Science improves cyclone resilience in the Wet Tropics

Cyclones wreak havoc in northern Australia every summer, risking lives and damaging homes, crops and businesses, as well as having dramatic impacts on natural environments. How will our tropical communities and industries such as agriculture and tourism – and the ecosystems upon which they depend - cope if the intensity of cyclones in the region increases as some climate models predict?

'Cyclones have always been part of life up here, and north Queenslanders are pretty resilient folk,' said Ms Carole Sweatman, CEO of Terrain NRM, based in Innisfail in far north Queensland. 'But everyone worries what could happen to our environment and economy if cyclones hit us more frequently, or if they’re stronger.'

Carole has been very supportive of ecosystem science in the region, partly because her team needs to have the best available information to hand when managing the impacts of tropical cyclones. 'Better scientific knowledge leads to improved recommendations, guidelines and plans, and means we have greater confidence that our management actions are improving the resilience of our region,' she said.

Thanks to four decades of long-term ecological monitoring effort by a large number of individuals and agencies in the region[1] – recently compiled under the auspices of TERN – we have a good understanding of cyclone impacts and recovery processes in Australia’s Wet Tropics. Importantly, this scientific knowledge has already led to improvements in cyclone preparation, response and management by regional agencies and industry representative bodies, such as Terrain NRM.

'We have some very long-established rainforest monitoring plots here in the Wet Tropics,' said Dr Dan Metcalfe of CSIRO, leader of TERN’s Tropical Rainforest Plot Network, part of TERN's Long Term Ecological Research Network (LTERN). 'The long-term datasets arising from this research infrastructure mean that we can make scientifically robust conclusions and recommendations for management.'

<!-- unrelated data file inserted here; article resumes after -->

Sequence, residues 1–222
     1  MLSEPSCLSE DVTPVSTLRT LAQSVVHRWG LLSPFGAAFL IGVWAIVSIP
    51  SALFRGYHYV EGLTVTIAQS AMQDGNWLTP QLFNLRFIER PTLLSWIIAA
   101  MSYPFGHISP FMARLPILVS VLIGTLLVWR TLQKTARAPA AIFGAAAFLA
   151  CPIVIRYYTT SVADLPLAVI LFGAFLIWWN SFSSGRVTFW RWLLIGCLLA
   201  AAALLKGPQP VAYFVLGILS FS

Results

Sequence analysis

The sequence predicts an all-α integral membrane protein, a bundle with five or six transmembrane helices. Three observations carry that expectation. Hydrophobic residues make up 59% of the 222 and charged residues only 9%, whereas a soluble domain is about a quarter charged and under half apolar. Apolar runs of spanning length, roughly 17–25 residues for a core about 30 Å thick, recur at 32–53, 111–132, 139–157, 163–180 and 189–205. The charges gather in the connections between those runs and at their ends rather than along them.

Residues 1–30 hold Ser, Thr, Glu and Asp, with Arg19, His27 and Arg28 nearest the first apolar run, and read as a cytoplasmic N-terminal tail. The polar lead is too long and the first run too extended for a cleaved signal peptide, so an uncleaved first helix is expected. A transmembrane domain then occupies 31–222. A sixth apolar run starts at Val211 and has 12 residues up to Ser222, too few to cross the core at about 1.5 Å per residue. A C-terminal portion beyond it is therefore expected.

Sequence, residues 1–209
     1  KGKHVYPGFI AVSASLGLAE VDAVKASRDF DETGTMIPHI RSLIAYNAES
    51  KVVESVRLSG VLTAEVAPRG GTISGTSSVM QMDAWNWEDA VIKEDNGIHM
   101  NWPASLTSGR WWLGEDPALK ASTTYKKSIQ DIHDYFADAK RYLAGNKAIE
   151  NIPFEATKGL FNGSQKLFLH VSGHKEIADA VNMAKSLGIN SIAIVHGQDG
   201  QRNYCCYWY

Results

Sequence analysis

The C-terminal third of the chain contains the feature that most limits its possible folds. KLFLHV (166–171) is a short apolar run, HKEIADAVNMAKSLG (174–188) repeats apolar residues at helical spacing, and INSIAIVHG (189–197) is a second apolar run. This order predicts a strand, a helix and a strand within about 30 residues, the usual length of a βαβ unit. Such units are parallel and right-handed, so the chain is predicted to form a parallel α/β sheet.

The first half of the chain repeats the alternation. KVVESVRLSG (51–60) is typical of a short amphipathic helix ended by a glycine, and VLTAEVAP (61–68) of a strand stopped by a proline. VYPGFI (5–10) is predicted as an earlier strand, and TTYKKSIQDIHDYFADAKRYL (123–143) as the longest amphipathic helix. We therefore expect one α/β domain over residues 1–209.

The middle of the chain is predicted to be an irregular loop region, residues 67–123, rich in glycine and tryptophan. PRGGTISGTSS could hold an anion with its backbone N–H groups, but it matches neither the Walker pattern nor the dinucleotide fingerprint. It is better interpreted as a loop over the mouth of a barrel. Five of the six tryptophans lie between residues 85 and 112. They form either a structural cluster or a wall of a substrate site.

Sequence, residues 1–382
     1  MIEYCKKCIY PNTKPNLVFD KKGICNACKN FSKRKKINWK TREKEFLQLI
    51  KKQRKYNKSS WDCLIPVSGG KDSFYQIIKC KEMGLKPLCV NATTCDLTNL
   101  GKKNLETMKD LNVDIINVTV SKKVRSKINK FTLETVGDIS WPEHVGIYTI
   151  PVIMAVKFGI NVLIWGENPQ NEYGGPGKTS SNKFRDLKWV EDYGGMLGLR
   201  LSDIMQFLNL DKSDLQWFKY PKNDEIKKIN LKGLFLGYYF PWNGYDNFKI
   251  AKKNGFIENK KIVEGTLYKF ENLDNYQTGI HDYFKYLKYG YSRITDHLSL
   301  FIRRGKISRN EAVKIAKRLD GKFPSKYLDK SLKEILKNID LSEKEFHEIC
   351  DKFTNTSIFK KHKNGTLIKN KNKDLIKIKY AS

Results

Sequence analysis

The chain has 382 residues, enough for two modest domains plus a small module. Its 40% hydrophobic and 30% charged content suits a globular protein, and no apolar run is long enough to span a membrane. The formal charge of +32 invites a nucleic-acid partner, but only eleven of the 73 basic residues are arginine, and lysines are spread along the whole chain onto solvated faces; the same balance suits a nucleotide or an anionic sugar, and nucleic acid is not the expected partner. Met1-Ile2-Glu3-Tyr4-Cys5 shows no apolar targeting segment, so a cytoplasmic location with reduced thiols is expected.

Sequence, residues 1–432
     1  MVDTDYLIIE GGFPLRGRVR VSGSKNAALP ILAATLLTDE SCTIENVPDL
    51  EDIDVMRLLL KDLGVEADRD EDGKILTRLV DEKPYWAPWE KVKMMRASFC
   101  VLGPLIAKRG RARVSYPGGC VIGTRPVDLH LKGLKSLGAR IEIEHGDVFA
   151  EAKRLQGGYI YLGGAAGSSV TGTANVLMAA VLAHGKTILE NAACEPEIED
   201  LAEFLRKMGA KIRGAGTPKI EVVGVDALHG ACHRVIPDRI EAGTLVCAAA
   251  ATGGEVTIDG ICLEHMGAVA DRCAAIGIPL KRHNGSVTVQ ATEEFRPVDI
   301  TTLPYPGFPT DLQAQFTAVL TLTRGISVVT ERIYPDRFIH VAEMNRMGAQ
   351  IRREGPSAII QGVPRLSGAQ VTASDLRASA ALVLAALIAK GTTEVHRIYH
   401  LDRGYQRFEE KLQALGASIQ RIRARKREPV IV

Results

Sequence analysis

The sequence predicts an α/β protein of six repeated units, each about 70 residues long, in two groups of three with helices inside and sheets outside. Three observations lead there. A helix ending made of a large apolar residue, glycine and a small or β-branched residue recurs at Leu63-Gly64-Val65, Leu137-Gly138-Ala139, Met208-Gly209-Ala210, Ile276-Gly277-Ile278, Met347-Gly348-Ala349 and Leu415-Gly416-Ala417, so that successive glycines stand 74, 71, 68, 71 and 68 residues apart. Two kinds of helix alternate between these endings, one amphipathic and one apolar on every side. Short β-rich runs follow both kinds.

Because good scientific baselines already existed, the team was able to observe the impacts of and recovery from Cyclone Larry (category 4, March 2006) and Cyclone Yasi (category 5, February 2011) on the region’s rainforests in far greater detail than would otherwise have been possible.

'Each of those cyclones went right over the top of a number of our forest monitoring plots – virtually destroyed some of them, which was actually very helpful,' noted Dan. 'Because we then had information about multiple cyclone impacts on those plots over time, natural experiments if you will, and consequently we could start to unpick our observations of recovery and glimpse some of the underlying ecosystem processes.'

Dan and co-authors have recently put together much of the scientific knowledge gleaned by decades of scientific investigation of cyclone impacts in the region, as part of a book entitled Biodiversity and Environmental Monitoring in Australia, just released by CSIRO Publishing.

 

Damaged vegetation at Hull Heads, QLD, following Tropical Cyclone Yasi in 2011. Mangrove ecosystems (foreground) seemed to be more resilient than rainforest ecosystems (background) (photo courtesy of Dan Metcalfe, CSIRO). 

 

[1] Including the Australian National University, James Cook University, La Trobe University, University of Cambridge, University of California at Santa Barbara, CSIRO, the US National Science Foundation, the Australian Research Council, Earthwatch, Daintree Discovery Centre and the Queensland Premier’s Department, the Cooperative Research Centre for Tropical Rainforest Ecology and Management (CRC-TREM), the Rainforest CRC and the Marine and Tropical Sciences Research Facility (MTSRF), with additional individual contributions from Dan Metcalfe, Mike Liddell, Matt Bradford, Pete Green, David Hilbert, Joanne Isaac, Helen Murphy, Scott Parsons, Justin Welbergen, David Westcott, Steve Williams, Yvette Williams, Andrew Ford.

 

Published in TERN newsletter January 2014

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